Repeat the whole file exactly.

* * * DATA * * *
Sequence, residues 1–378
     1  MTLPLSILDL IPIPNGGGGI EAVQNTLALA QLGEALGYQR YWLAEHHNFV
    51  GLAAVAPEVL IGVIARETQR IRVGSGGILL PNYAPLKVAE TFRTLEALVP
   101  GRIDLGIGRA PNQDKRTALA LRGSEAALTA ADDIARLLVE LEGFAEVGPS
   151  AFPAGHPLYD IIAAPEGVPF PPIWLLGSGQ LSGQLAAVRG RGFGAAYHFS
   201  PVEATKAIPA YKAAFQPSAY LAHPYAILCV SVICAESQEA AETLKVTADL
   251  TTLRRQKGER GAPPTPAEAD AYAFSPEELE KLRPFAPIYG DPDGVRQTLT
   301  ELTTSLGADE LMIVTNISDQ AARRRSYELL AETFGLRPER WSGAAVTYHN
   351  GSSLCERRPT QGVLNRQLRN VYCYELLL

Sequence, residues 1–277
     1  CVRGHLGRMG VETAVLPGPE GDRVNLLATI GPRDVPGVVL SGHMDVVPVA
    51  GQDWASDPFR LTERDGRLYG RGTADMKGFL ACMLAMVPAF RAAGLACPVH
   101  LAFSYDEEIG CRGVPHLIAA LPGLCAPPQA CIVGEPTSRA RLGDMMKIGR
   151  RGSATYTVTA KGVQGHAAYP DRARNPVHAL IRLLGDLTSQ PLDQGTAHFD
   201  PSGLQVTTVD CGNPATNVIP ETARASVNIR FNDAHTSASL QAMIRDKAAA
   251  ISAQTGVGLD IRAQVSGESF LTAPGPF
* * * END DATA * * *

Sequence, residues 1–378
     1  MTLPLSILDL IPIPNGGGGI EAVQNTLALA QLGEALGYQR YWLAEHHNFV
    51  GLAAVAPEVL IGVIARETQR IRVGSGGILL PNYAPLKVAE TFRTLEALVP
   101  GRIDLGIGRA PNQDKRTALA LRGSEAALTA ADDIARLLVE LEGFAEVGPS
   151  AFPAGHPLYD IIAAPEGVPF PPIWLLGSGQ LSGQLAAVRG RGFGAAYHFS
   201  PVEATKAIPA YKAAFQPSAY LAHPYAILCV SVICAESQEA AETLKVTADL
   251  TTLRRQKGER GAPPTPAEAD AYAFSPEELE KLRPFAPIYG DPDGVRQTLT
   301  ELTTSLGADE LMIVTNISDQ AARRRSYELL AETFGLRPER WSGAAVTYHN
   351  GSSLCERRPT QGVLNRQLRN VYCYELLL

Sequence, residues 1–277
     1  CVRGHLGRMG VETAVLPGPE GDRVNLLATI GPRDVPGVVL SGHMDVVPVA
    51  GQDWASDPFR LTERDGRLYG RGTADMKGFL ACMLAMVPAF RAAGLACPVH
   101  LAFSYDEEIG CRGVPHLIAA LPGLCAPPQA CIVGEPTSRA RLGDMMKIGR
   151  RGSATYTVTA KGVQGHAAYP DRARNPVHAL IRLLGDLTSQ PLDQGTAHFD
   201  PSGLQVTTVD CGNPATNVIP ETARASVNIR FNDAHTSASL QAMIRDKAAA
   251  ISAQTGVGLD IRAQVSGESF LTAPGPF